How the IIoT will make the cold chain smarter, safer and more efficient

How the IIoT will make the cold chain smarter, safer and more efficient

The need for cold-chain capacity is growing, and so are the stakes for cold-chain integrity and quality assurance. As the food and pharmaceuticals industries work to meet rising global demand, the cold chain must add capacity while getting smarter to reduce waste, protect consumers, and operate more efficiently. The IIoT and cloud-based data analytics can help build a larger, smarter cold chain.

There’s no question that industry is placing more demands on the cold chain. The food and beverage industry is growing by 10% year over year , and sales of temperature-controlled pharma products are growing twice as fast as the pharmaceutical industry overall. The challenge is to grow cold chain capacity while improving cold chain integrity.

Currently, about a quarter of global food product and are wasted because of cold chain problems. This waste costs producers money, drives up product prices for consumers, and can lead to scarcity of food items and vaccines. Foodborne illnesses are another major concern. They sicken one in six Americans each year and put 128,000 people in the hospital. Improvements in temperature control and better data collection along the cold chain can help reduce those numbers.
Reducing waste, improving lives with IIoT

Refrigeration-equipment malfunctions, long wait times in hot locations like loading docks, and a lack of cold-chain resources in developing agricultural markets all contribute to the problem. Analysts estimate that solving these cold chain problems could save the food industry $150 billion a year in waste alone.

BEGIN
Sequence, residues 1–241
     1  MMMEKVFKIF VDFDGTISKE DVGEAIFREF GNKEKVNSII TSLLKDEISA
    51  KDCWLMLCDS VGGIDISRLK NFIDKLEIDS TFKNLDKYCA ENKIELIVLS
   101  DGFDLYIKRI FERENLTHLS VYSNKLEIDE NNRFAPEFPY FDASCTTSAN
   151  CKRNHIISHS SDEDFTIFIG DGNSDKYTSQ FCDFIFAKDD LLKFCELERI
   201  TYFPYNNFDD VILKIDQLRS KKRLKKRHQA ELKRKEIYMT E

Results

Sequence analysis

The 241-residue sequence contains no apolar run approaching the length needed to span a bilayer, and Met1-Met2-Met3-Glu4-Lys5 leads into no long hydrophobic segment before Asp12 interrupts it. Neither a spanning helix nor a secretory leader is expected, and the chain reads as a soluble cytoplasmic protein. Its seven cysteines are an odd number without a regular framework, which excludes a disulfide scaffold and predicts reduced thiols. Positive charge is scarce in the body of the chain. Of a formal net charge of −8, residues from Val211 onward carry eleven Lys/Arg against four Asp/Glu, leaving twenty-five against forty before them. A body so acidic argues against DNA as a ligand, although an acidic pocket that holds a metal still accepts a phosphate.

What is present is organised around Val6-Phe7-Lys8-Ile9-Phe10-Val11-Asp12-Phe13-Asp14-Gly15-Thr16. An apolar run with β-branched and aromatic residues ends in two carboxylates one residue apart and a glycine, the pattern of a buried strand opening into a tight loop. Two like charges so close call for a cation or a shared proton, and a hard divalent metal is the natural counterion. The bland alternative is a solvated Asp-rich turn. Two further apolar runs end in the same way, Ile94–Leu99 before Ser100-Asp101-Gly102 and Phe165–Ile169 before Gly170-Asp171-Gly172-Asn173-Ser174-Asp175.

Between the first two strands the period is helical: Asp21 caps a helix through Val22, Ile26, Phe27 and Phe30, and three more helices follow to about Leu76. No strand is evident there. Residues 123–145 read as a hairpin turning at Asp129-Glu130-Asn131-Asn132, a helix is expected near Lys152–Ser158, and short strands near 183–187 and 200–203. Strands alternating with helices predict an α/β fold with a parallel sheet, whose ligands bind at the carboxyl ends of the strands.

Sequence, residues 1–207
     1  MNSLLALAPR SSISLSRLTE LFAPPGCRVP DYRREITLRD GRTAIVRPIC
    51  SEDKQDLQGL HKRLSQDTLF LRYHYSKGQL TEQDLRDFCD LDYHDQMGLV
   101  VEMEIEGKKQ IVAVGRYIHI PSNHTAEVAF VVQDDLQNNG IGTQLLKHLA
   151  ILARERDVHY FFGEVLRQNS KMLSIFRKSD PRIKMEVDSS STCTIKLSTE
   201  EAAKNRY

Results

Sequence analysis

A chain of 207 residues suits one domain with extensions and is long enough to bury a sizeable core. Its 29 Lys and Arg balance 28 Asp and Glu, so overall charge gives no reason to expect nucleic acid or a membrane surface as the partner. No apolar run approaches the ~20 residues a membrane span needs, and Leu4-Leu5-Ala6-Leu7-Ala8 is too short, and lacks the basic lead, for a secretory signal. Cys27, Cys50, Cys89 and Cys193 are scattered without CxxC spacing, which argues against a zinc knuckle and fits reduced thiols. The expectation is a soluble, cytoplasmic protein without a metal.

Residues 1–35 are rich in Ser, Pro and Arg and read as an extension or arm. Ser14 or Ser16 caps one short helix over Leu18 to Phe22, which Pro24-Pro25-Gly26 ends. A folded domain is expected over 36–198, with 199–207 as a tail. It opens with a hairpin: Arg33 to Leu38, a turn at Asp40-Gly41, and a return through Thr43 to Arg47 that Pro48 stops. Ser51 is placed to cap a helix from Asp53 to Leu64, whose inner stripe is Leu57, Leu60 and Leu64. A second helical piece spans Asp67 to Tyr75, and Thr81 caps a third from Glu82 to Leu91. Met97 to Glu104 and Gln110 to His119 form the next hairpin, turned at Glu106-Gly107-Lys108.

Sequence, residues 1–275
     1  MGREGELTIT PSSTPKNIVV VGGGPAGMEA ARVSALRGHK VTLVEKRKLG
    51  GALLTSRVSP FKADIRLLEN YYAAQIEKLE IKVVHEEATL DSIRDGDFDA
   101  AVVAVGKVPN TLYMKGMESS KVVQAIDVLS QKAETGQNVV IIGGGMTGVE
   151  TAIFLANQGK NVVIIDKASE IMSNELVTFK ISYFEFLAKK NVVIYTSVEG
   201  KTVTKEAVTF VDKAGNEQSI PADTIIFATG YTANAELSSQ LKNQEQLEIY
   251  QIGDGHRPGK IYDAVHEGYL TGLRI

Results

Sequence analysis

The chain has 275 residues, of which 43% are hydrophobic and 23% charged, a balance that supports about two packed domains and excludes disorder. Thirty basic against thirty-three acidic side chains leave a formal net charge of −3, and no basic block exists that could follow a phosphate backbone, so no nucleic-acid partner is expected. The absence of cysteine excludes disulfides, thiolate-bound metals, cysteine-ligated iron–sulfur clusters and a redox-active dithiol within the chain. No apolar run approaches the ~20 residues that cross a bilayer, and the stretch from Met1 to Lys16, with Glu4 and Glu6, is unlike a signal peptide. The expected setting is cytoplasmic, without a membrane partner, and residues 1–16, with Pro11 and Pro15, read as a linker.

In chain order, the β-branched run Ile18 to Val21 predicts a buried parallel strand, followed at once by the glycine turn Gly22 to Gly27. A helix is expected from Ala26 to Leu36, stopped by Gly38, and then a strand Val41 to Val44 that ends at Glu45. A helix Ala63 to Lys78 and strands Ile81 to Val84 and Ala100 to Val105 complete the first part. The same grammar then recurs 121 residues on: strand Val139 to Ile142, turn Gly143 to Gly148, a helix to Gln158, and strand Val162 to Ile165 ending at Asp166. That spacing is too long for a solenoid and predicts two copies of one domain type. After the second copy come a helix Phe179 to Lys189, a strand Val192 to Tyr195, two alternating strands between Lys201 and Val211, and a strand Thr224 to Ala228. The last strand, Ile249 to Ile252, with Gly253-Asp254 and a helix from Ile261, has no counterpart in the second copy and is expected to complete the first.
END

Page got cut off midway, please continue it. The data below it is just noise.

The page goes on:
Wireless sensors can help by providing visibility at every point from farm to retailer. These sensors are small, inexpensive, and easy to use in packaging, shipping containers, trucks, and warehouses to measure temperature, humidity and other conditions that affect product quality. Because the sensors are always sending data to the cloud, managers can see current temperatures on their PCs or phones from anywhere, without having to wait for local servers to run updates with data from wired sensor systems.

Wireless monitoring systems can also send alerts when a package or piece of equipment is out of the proper temperature range. Real-time alerts enable managers to pull compromised product before it reaches end users, and to start equipment repairs as quickly as possible. These capabilities can reduce the need for costly, brand-damaging recalls later…

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